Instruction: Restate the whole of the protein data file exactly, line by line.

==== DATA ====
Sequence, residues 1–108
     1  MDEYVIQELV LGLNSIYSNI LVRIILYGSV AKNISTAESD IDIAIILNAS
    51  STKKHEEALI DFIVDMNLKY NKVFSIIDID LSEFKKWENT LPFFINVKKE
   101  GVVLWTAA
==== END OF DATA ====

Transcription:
Sequence, residues 1–108
     1  MDEYVIQELV LGLNSIYSNI LVRIILYGSV AKNISTAESD IDIAIILNAS
    51  STKKHEEALI DFIVDMNLKY NKVFSIIDID LSEFKKWENT LPFFINVKKE
   101  GVVLWTAA